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Tarzans through Time

A Brief History of Former Ape Men

by Beth Rowen
Source: www.filmsite.org

Johnny Weissmuller, perhaps the silver screen's most famous Tarzan, sweeps Jane (Maureen O'Sullivan) off her feet.

While nearly 20 beefcake actors have shed their clothes and donned loincloths to play Tarzan, none have displayed the swinging finesse, physical perfection, or animalistic qualities of the most recent ape man, Disney's animated King of Swing.

Weissmuller: Archetypal Ape Man

While 1999's Tarzan, voiced by Tony Goldwyn, may be the most buff and fully realized character, he is not the most memorable. Five-time Olympic gold-medalist swimmer Johnny Weissmuller remains the archetypal Tarzan.

Weissmuller portrayed the Lord of the Jungle in 12 films, beginning with Tarzan, the Ape Man in 1932. MGM's most memorable Tarzan movies featured those pairing Weissmuller and Maureen O'Sullivan as Jane. They appeared in six films together in the 1930s and early '40s. The most famous of these outings is probably 1934's Tarzan and His Mate, in which Tarzan and Jane do a nude underwater dance.

This controversial film marked the last Tarzan film geared for an adult audience. The subsequent installments in the Tarzan series became family fare, subject to the motion-picture industry's newly established censorship code. The films of this era were the most faithful to Edgar Rice Burroughs' stories and boasted consistently high production values.

Couch Potato Tarzan?

Weissmuller was not the first actor to play Tarzan. In fact, the series began in 1918, with poorly cast, overweight Elmo Lincoln playing the lead in the silent Tarzan of the Apes. Enid Markey played Jane. Lincoln killed an actual lion in the film (remember, this was 1918, before the animal rights movement was born). He later appeared in two other Tarzan films, The Romance of Tarzan (1918) and The Adventures of Tarzan (1921).

Olympic Arenas to TV Jungles

The role of Tarzan called for strength and physical stamina, which is why several Olympic and professional athletes were hired to play the part. Gold-medalist swimmer Buster Crabbe, best known for his portrayal of Flash Gordon, took over for Weissmuller and appeared in the little-seen Tarzan the Fearless (1933). He was followed by Olympian Herman Brix, who starred in The New Adventures of Tarzan (1935) and Tarzan and the Green Goddess (1938).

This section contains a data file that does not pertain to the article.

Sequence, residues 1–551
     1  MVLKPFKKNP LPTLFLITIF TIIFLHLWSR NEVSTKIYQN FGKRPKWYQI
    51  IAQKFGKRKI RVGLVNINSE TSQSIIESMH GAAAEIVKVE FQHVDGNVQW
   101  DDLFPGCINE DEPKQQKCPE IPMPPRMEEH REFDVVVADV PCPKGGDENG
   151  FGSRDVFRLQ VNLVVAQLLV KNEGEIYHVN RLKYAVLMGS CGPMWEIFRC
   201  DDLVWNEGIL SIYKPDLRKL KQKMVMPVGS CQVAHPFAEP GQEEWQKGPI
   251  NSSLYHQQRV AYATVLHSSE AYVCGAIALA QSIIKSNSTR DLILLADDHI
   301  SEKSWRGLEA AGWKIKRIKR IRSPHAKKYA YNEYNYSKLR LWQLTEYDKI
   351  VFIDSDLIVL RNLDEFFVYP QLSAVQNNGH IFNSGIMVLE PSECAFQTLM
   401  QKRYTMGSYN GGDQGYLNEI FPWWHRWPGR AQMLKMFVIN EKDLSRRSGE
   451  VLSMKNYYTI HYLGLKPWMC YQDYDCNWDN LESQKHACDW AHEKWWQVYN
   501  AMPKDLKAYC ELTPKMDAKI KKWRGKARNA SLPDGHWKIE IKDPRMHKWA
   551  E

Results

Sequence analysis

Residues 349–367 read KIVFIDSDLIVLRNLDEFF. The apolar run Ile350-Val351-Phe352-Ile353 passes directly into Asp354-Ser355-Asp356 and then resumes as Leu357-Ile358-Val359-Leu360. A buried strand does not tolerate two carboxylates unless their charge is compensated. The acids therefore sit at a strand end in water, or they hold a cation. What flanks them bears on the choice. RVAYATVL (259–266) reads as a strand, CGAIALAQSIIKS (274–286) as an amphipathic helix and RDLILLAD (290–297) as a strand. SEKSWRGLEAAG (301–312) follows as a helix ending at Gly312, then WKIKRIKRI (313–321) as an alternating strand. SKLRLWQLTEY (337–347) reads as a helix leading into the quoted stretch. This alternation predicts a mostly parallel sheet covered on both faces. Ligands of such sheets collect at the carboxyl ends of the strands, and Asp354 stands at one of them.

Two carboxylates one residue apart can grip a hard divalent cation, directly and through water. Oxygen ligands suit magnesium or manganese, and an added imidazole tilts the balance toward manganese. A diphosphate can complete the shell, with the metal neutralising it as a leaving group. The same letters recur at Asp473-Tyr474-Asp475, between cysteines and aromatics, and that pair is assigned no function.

Two Olympic athletes headed the cast in the low-budget Tarzan's Revenge, decathlete Glenn Morris and backstroker/party girl Eleanor Holm. While neither had much acting talent, they looked fabulous in their loincloths. UCLA basketball star Denny Miller played the title character in 1959's Tarzan, the Ape Man. Los Angeles Rams linebacker Mike Henry put his physique and movie-star looks to good use in three Tarzan films, including Tarzan and the Valley of Gold (1966) and Tarzan and the Great River (1967).

Modern Ape Men

Mike Henry passed the torch onto another former professional football player, Ron Ely. He only starred in two movies, 1970's Tarzan's Deadly Silence and Tarzan's Jungle Rebellion, but he did headline the NBC television series for two years, giving up the role after a series of injuries.

The Tarzan series screeched to a halt in 1970, having deteriorated into contrived, kiddie fare. The 1980s saw two Tarzan films, the utterly forgettable Tarzan, the Ape Man (1981), starring Miles O'Keefe and Bo Derek, and the inspired Greystoke: The Legend of Tarzan, Lord of the Apes (1984), starring Christopher Lambert and Andie MacDowell.

A Disney-fied Approach

In bringing Edgar Rice Burroughs' Lord of the Jungle to the big screen (there have been no fewer than 45 full-length Tarzan films), Disney had to come up with an attraction that would lure kids and their parents into theaters.

The directors of Tarzan, Chris Buck and Kevin Lima, spent countless hours watching videos of skateboarding guru Tony Hawk in an attempt to create a character that would appeal to kids. Their efforts paid off; Tarzan not only swings, he deftly surfs the lush vegetation of the African jungle as he seeks out his place in the world. The critically praised film succeeds on every level, from animation to music to style and storytelling.

It's fitting that the last Tarzan film of the century emerged as one of the most ambitious, enjoyable outings of all the jungle adventures.



Information Please® Database, © 2007 Pearson Education, Inc. All rights reserved.

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